The SS St. Louis
Harry W. Mazal OBE answers:
Hello. I am one of the volunteers that answers questions for As one of the persons at the Project who responds to such questions, I will attempt to give you some information that you might find pertinent.
While we do not advocate personal confrontations with professors or staff of the various teaching institutions, let alone using derogatory statements about them, we do try to promote the truth in a rational and documented manner.
The question about who knew what and when regarding the Jewish Holocaust is the subject of very agitated polemic among historians.
I tend to take a rather different view than that of my colleagues from whom you might also receive information. In my very personal opinion, the Holocaust began long before the Second World War had begun.
Hitler's first strategy was obtain full power over the German people. To permit this on February 28, 1933, the German Government passed a law published in the Reichsgezetzblatt Nr. 17 (Legal Bulletin of the Reich No. 17) that read, in part:
Articles 114, 115, 117, 118, 123, 124 and 153 of the Constitution are invalid until further notice. Restrictions on the freedom of the individual, the right to free speech, including freedom of the press and the right of assembly and the right to form groups, infringements on the secrecy of post, telegraph and telephone communications, house searches, confiscation and limitation in property ownership over and above the previously legally specified limitations are now permissible.
This law was the first step towards the Holocaust.
On November 14, 1935 the Nazi government published the "First Ordinance to the Reich Citizenship Law" in the 'Reichsgezetzblatt' Hitler's government was putting the whole world on notice that Jews were no longer to be considered as citizens of Germany. Specifically the new law stated:
I have only quoted a few lines from this decree. If you or your art professor wish to read more, you may find a more complete version of this document in:
Documents of Destruction: Germany and Jewry 1933-1945
The 'Reichsgezetzblatt' was a public newspaper, it was therefore collected by the various foreign embassies in Germany at that time, including the American Embassy. Hitler was publicly affirming that he had disenfranchised the Jews and that henceforth they would be devoid of most - if not all - of their civil rights.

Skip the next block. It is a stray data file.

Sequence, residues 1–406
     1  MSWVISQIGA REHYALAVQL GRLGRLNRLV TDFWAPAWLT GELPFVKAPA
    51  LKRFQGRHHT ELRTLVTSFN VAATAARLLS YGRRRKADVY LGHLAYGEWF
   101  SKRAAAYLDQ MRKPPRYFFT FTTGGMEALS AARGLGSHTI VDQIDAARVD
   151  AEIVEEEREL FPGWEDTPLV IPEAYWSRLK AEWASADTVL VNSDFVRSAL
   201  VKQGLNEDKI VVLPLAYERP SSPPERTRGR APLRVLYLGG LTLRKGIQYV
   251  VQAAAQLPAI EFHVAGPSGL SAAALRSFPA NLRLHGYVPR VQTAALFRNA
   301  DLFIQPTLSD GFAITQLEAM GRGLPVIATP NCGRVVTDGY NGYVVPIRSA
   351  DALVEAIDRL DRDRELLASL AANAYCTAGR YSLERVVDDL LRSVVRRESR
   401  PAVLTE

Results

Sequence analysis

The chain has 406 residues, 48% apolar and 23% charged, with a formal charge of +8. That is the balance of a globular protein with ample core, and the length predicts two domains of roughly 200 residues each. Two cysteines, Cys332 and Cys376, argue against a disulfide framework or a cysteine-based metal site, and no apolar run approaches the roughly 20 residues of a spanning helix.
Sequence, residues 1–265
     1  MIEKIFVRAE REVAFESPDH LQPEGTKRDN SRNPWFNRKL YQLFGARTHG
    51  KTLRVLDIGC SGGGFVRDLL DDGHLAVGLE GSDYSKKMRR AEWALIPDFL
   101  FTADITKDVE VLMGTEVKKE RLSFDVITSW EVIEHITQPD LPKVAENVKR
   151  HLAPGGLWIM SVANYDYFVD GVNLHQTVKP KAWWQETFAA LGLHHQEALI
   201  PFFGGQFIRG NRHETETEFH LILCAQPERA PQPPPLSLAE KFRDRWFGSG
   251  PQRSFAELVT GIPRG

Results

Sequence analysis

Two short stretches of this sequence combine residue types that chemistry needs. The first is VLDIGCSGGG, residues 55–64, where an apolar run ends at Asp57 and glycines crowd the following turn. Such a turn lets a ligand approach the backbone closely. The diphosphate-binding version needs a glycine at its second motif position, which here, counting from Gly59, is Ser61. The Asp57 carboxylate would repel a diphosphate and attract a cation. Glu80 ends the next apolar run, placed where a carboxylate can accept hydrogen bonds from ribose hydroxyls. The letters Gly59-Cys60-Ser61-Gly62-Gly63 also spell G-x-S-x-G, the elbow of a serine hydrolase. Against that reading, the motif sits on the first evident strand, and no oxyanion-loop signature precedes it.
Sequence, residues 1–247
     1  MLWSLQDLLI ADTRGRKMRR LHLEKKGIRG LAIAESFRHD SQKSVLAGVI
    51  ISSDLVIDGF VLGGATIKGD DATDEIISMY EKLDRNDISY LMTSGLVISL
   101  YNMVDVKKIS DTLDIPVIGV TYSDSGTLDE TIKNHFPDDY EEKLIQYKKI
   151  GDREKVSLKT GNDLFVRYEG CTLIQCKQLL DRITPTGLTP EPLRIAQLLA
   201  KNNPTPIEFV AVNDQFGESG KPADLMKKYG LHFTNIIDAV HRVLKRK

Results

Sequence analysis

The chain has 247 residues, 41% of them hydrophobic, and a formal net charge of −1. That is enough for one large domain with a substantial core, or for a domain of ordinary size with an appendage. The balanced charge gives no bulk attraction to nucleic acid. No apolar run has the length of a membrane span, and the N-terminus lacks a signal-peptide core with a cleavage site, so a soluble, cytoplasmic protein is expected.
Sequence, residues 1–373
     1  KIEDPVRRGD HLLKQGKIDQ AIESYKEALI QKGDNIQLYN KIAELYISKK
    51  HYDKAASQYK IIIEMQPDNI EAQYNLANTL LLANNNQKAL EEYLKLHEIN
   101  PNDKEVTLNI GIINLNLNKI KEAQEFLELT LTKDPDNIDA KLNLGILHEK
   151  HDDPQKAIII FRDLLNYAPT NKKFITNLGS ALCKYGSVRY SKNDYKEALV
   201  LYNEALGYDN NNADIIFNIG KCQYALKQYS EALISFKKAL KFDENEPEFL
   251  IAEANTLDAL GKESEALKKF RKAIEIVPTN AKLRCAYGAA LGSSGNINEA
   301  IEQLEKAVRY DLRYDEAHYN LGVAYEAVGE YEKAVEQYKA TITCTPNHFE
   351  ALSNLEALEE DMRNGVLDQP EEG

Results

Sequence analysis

The world, including the United States, did nothing. No formal complaints by the American Government, no fiery speakers on Hyde Park Corner, no demonstrations in front of the German Embassies in Washington, Paris or London. Had these governments voiced a strong objection to these laws which violated the most basic tenets of civil rights, it is unlikely that Hitler would have pursued the issue to the point that six million Jews would have been brutally murdered.
Over the next five years, until November of 1938, the German Government evicted German Jews from their homes, forbade them from practicing law, medicine, or any other profession except among themselves, expelled young German Jewish children from schools, forced all Jews to identify themselves with a yellow star, made Jews the object of attack and vile publications, and, in brief, reduced normal, ordinary, decent people to a level in which subsistence was barely possible.
In 1938, using as an excuse the assassination of a minor German diplomat in Paris by a highly disturbed young Jew, the Nazis unleashed a violent attack on the German-Jewish population which included the destruction and ransacking of their homes and stores, the burning of their religious temples, and the beating, incarceration and death of countless German Jews who were caught in the organized maelstrom. On top of this violence, the Jewish community was forced to pay one billion German Marks as a 'fine' for 'provoking' what was later to be known as 'Kristalnacht.'
Did the British, French or American governments protest? Did they allow the German Jews, who were frantically trying to find refuge, to enter their countries? Did they threaten to send troops to Germany to force Germany to back down from their irrational anti-Semitic violence? The answer is no.
Therefore, long before the first Jew was lined up at a ditch to be shot by the Einsatzgruppen, and longer yet before the first Jew died in a gas chamber, The Western governments were well aware that Jews in Germany, and eventually throughout Europe, were at grave risk.
On May 13, 1939, 937 men, women and children were allowed to leave from Hamburg aboard the S. S. St. Louis. Although this was part of an attempt by Joseph Goebbels to 'cleanse' the image of the Nazis, the fact is that all of the people on the boat were Jews seeking exile from the horrors of Nazi Germany. I need not enter into a long description of this ill-fated voyage, but respectfully suggest that you and your professor read:
Voyage of the Damned
which describes in great detail accompanied by documentation the voyage of the S. S. St. Louis.
Finally you and your professor might want to know just how much the British and the Americans knew regarding the Holocaust of the European Jews once the hostilities had erupted in 1939. This issue is amply covered in:
Official Secrets: What the Nazis Planned, What the=09
British and Americans Knew
From the dust cover:
Integrating [this] new evidence with the new sources, Richard Breitman examines how Germany's leaders brought about the Holocaust -- and when. He assesses the British and American suppression of information about Nazi killings, and tensions between the two powers over how to respond. His absorbing work concludes with an examination of the consequences (including the failure to punish many known war criminals) of keeping this information secret for so many decades.
I hope that this information answers some of your questions.
Harry W. Mazal OBE
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Last modified: September 4, 1999